Fears Boris Johnson could drag the QUEEN into his battle to stay PM in People v Parliament 'nuclear option' | The Sun

THE Queen could be dragged into Boris Johnson's bid to remain Prime Minister – as his premiership teeters on a knife edge today.

Mr Johnson is clinging to power by his fingernails after resignations in his Government hit 50, with five ministers quitting this morning alone.


He is so far ignoring calls for him to go, with a key ally warning: “If the party wants to overthrow the elected will of the people, they have to dip their hands in blood.”

Now some Tories fear he could drag Her Majesty into his battle in a last-ditch "nuclear option".

Few options are remaining to the PM in the days to come – although it's now understood he will quit today as senior Tories prepare their leadership bids.

However, if he stays on and faces a vote of no confidence again, he could try to dissolve Parliament by calling an election.

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The Queen must give her permission for an election to take place, and she has the power to refuse such a request if it breaches certain constitutional conventions. 

Mr Johnson yesterday dodged a question on whether he needed Her Majesty's permission to call a vote, replying only that Brits don't want “politicians to be engaged in electioneering now or in the future”.

The monarch has never been put in a position where she needed to consider turning down a snap election. A request from Mr Johnson would be hugely awkward for Buckingham Palace.

One rebel backbencher told the Telegraph: “I could easily see the Palace would be in its absolute right to say: you’ve had two elections, your party can command a majority in the House of Commons, so you’re not going to have a general election. 

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“You make it work under your leadership or find a new one but I’m not dissolving Parliament at a great time of national uncertainty.”

And ex civil service chief Gus O'Donnell told BBC Radio 4's Today programme the Queen will "refuse" any request Mr Johnson may make for an election – because the Tories hold such a huge majority.

The monarch is also the only person who can make a decision to sack Mr Johnson if any vote against him failed.

However, it's highly unlikely she would. As Head of State, she must appear politically neutral, and shouldn't exercise such powers unless in extreme circumstances.

The last time a British monarch sacked a PM was in 1834.

It comes as:

  • Five more ministers have quit this morning as resignations hit 50
  • It means Mr Johnson has suffered more resignations than any Prime Minister in 90 years
  • The Sun says Boris should go with dignity if he can't deliver for our readers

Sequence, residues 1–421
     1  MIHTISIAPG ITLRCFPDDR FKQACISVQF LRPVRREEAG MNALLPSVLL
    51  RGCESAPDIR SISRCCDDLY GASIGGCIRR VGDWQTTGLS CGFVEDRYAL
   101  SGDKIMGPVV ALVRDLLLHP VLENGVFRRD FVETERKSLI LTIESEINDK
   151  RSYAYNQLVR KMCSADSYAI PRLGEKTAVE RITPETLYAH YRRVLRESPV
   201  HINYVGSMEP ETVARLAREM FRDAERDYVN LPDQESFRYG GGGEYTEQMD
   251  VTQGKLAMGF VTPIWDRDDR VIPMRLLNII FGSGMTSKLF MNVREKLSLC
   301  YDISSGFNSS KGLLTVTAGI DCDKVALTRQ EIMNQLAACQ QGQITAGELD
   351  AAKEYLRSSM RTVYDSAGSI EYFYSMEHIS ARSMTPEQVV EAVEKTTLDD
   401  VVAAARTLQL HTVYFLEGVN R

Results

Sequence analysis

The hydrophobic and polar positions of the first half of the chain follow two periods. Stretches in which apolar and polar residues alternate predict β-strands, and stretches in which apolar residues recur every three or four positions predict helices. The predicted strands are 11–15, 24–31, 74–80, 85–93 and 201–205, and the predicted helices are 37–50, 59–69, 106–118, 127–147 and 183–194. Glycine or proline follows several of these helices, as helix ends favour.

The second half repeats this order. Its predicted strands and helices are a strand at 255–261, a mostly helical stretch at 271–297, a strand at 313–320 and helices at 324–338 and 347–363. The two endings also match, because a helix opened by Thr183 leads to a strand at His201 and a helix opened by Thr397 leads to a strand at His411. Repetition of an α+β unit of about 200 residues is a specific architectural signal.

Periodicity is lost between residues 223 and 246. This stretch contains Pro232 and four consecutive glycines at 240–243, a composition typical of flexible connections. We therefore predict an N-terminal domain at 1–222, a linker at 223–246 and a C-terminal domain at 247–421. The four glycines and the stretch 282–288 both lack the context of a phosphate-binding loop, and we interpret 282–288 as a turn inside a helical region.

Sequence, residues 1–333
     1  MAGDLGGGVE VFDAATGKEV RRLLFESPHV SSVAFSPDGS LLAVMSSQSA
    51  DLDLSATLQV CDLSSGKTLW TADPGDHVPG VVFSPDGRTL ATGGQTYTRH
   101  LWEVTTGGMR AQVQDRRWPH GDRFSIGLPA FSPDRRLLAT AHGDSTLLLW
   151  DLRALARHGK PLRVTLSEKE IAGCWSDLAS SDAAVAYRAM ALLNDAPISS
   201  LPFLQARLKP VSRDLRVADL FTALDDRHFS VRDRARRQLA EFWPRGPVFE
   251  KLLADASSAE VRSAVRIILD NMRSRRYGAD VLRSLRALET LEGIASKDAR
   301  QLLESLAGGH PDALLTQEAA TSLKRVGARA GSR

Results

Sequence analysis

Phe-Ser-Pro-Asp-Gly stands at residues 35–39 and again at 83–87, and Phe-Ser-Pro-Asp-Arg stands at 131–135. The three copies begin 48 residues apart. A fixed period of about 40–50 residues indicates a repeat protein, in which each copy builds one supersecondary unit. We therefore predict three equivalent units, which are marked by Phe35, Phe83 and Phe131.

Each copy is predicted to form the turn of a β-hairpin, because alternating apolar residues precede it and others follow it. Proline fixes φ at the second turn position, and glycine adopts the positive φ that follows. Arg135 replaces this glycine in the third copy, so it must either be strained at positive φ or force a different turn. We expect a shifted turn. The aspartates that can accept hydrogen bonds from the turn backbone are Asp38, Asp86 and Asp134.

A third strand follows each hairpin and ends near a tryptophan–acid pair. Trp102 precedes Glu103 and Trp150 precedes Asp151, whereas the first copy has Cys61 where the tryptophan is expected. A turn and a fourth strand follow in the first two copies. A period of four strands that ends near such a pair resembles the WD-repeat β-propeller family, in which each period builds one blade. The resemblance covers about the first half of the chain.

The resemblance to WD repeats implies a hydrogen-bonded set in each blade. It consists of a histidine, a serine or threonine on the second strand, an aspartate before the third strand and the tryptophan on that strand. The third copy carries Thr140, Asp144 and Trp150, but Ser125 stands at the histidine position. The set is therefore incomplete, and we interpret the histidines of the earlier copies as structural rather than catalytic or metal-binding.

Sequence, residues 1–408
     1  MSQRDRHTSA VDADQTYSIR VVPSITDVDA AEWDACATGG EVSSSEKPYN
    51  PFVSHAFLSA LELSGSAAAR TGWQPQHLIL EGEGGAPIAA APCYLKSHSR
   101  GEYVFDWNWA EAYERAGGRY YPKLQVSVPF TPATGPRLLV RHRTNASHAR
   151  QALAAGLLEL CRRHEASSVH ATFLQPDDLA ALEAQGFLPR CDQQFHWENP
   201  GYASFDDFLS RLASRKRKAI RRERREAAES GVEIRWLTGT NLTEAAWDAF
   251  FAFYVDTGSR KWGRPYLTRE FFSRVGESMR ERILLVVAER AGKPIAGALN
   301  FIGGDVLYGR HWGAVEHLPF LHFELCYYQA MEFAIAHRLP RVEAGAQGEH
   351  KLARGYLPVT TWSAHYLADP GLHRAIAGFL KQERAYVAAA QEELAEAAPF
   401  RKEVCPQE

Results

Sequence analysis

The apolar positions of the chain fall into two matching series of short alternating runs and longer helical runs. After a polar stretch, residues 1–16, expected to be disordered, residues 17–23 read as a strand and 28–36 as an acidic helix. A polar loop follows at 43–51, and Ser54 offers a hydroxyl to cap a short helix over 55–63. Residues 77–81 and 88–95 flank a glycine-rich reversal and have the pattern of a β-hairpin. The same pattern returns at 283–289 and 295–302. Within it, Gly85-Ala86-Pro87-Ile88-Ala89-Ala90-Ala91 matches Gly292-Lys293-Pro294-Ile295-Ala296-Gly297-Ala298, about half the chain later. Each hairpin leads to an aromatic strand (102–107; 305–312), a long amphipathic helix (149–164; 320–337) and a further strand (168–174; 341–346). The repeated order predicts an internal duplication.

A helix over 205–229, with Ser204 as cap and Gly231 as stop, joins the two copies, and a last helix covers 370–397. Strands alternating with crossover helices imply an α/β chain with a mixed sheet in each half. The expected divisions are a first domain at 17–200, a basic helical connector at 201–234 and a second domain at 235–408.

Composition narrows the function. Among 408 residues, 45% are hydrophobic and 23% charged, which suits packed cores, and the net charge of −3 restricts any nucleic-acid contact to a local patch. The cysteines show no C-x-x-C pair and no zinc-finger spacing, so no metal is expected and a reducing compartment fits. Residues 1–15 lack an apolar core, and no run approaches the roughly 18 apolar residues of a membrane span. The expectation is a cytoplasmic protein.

• But the PM has insisted he will not stand down as he has the backing of Brits
  • The chaos began this week when Rishi Sunak and Sajid Javid quit their posts – triggering a tsunami of similar decisions

Meanwhile, Mr Johnson also has a duty to ensure that the Queen is not “drawn into party politics” by a demand from No 10.

George Freeman, who announced he was resigning as science minister on Thursday morning, said the PM must apologise.

He tweeted: "Boris Johnson needs to hand in the seals of office, apologise to Her Majesty and advise her to call for a caretaker prime minister to take over today so that ministers can get back to work and we can choose a new Conservative leader to try and repair the damage and rebuild trust."

Despite the unlikelihood that Her Majesty would get involved in the political storm, the break-down of her Government is likely to be causing concern.

Mr Johnson believes his 80-seat majority in 2019 gives him a mandate from the people, not his party.

But he is facing one of the biggest rebellions in British political history.

One MP told the Sun the PM has “lost his mind”, adding: “It’s like he is burning the house down on his way out.”

After he sacked long-standing minister Michael Gove, a senior Tory said: “He's lost it.

"He's become like Caligula — the Roman emperor who wanted to make a horse a consul. Michael was one of the best ministers in the Cabinet.”

The mass resignation of ministers, along with a string of parliamentary aides, came after Chancellor Rishi Sunak and Health Secretary Sajid Javid quit their posts on Tuesday evening. 

What are the rules for a snap election?

If Boris Johnson calls a snap election, he must go to the Queen for permission.

But the Queen, if asked to dissolve Parliament, may well object.

If she does decide to object, it could be based on an incident from 1950, when King George VI's private secretary Sir Alan Lascelles laid out three conditions under which a monarch could refuse to grant a request for an election.

Those are:

  1. That the existing Parliament is still vital, viable and capable of doing its job
  2. That a general election would be detrimental to the national economy
  3. That the sovereign could rely on finding another prime minister who could govern for a reasonable period

If Mr Johnson asks for an election, the Queen may well decide his request is based on a personal leadership crisis, rather than a national crisis.

A snap election may also have an impact on the economy, and there's likely a majority in the Commons for another Tory PM.

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